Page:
“The building blocks are being established right now,” said Lind of Thomson Reuters. “In June, DTCC will go live with the first phase of publishing LEIs. Right now there are 15,000 LEIs that have been assigned in a sample file that’s been distributed, and which we have matched to our own internal database.”
The FSB has requested that the International Organization of Standardisation (ISO) remove the role of registration authority from the new LEI standard ISO 17442.
In the opinion of the FSB, removing the registration authority function from the ISO standard will simplify the governance model of the global LEI system and eliminate potential conflicts between ISO and FSB, two separate governance systems.
Even in the absence of a registration authority, Swift—the leading worldwide financial messaging service for international money transfers—will have a role as part of the central utility responsible for allocating, validating and distributing LEIs.
“This is a change in terminology rather than functionality,” said Paul Janssens, LEI program director at Swift. “The tasks of allocating LEIs and validating and distributing data do not change. In function of the operational model and the implementation phasing that is being defined, it will be determined which functions are central and which functions are federated.”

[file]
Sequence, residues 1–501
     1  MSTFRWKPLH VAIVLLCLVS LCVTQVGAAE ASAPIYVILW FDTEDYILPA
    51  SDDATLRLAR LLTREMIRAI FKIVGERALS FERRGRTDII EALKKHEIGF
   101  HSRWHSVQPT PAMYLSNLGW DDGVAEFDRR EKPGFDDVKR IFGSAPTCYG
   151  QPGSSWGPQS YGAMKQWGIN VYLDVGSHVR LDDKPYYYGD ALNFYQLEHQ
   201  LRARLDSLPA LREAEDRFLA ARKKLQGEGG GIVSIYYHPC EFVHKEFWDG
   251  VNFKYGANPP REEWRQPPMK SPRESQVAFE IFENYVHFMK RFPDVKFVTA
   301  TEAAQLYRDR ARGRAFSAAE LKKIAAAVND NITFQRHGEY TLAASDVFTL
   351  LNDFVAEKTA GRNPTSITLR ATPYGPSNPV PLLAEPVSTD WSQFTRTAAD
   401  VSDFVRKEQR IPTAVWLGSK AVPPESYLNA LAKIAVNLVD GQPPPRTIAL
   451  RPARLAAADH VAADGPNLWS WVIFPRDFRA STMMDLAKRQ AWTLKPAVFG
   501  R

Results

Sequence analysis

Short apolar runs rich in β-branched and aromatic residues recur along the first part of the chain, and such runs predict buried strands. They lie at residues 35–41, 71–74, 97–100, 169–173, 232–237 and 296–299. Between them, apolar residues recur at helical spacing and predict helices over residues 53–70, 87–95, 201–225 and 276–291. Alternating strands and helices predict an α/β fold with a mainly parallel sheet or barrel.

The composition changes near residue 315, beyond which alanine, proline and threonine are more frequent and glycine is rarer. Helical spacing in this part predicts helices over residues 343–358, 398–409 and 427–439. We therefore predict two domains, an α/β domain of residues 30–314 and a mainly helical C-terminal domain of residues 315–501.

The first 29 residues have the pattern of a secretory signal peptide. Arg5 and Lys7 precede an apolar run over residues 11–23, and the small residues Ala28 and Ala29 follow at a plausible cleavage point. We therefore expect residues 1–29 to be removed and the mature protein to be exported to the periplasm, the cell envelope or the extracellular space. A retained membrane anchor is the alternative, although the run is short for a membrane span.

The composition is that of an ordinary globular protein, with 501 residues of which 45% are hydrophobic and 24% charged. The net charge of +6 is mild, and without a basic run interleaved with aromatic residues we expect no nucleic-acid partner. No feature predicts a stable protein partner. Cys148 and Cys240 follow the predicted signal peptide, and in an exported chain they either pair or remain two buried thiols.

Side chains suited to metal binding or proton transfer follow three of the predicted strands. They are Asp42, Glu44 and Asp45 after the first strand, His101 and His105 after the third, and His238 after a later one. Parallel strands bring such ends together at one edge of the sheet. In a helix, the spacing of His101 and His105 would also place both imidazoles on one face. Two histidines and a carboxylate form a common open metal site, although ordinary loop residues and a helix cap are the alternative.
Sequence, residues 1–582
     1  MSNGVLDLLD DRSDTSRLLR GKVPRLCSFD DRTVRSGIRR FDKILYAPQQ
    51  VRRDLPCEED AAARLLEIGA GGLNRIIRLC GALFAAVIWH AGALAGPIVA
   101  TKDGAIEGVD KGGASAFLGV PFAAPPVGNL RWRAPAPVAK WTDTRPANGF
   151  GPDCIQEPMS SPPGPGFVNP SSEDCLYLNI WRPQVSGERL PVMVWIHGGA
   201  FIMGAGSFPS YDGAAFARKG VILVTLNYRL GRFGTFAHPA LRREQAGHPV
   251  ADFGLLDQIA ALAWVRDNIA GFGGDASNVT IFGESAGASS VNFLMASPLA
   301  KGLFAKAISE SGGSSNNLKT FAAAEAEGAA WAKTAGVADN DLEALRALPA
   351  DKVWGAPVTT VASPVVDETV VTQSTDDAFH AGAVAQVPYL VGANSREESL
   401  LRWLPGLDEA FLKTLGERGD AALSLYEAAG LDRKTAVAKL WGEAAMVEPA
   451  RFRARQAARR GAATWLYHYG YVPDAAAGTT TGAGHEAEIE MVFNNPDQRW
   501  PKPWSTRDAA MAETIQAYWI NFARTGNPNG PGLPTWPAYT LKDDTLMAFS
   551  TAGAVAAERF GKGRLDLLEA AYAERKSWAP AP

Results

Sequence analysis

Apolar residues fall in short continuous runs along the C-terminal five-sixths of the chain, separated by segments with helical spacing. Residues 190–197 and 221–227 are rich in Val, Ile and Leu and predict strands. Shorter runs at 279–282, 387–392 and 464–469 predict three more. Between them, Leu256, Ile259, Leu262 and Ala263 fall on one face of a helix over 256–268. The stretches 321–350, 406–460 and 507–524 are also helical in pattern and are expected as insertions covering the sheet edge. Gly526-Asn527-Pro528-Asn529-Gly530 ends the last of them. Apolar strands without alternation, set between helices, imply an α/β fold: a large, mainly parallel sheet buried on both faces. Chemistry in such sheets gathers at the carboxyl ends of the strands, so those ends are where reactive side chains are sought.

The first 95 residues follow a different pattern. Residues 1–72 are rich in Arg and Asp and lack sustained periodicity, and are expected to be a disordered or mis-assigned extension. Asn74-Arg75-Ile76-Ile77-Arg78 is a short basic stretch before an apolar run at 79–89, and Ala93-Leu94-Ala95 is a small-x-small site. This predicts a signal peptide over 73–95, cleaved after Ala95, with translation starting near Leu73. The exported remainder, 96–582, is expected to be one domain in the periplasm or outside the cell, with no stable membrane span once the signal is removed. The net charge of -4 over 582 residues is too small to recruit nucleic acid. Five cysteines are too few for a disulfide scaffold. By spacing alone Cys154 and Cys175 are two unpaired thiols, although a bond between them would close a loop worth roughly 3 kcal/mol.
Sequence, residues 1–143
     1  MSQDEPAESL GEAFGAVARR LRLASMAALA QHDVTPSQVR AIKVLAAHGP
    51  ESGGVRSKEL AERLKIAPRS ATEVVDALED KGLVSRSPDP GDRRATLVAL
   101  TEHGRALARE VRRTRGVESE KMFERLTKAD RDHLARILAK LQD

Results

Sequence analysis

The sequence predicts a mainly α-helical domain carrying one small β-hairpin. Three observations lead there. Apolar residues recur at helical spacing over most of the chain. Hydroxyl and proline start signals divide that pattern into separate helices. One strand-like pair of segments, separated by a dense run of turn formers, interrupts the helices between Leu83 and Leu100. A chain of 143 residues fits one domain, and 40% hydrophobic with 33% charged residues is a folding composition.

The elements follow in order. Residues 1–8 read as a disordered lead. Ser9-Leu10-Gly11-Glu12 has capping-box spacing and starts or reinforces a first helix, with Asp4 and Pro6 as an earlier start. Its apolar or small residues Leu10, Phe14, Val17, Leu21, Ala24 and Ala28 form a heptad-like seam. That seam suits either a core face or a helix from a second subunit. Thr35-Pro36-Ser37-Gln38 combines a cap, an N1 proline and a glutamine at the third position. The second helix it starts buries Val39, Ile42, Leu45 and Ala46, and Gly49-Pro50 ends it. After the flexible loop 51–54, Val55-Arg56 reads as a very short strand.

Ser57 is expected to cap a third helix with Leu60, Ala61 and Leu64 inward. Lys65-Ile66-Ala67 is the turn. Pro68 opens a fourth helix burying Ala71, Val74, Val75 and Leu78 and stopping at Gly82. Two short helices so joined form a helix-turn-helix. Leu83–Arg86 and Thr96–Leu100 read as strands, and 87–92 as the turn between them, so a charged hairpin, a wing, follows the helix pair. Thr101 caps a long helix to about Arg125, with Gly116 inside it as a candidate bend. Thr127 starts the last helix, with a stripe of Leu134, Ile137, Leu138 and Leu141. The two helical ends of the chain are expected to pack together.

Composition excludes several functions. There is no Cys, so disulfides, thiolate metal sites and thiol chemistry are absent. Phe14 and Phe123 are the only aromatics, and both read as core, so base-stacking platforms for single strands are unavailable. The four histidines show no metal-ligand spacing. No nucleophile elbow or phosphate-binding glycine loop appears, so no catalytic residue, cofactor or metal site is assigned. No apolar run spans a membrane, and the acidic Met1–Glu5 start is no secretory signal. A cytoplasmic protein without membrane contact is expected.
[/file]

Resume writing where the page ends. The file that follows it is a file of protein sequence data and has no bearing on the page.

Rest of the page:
A revised draft version of the ISO 17442 standard has been distributed to ISO members for a 30-day ballot.
In the U.S., the Commodity Futures Trading Commission has proposed a universal international standard consisting of unique identifiers to facilitate data aggregation by regulators across counterparties, asset classes and transactions.
“If ISO 17442 is not fit and ready for purpose, the CFTC has indicated that it will set its own standard for counterparty identification purposes,” according to a March report by Aite Group. “Hence, it is waiting for a decision by the FSB before it mandates the standard.”
In order to enhance its ability to conduct effective market surveillance (and thus mitigate systemic risk and prevent market manipulation), the CFTC has specified data conventions such as Unique Swap Identifiers (USIs), Legal Entity Identifiers (LEIs) and Unique Product Identifiers (UPIs).
“We welcome the CFTC’s efforts to provide more structure to the reported data through the introduction of USIs, LEIs and UPIs,” said Robert Pickel, chief executive of the International Swaps and Derivatives Association, a trade body.
“These unique identifiers are crucial for linking data together and enabling data aggregation across counterparties, asset classes and trades.”
A number of useful applications could come out of the creation of this unique identifiers infrastructure.
“Apart from enhancing the ability of regulators to monitor activity and risk in the system, these developments are likely to revolutionize the financial services industry and will, most likely, lead to the creation of another cottage industry specializing in applications from these data,” said Pickel.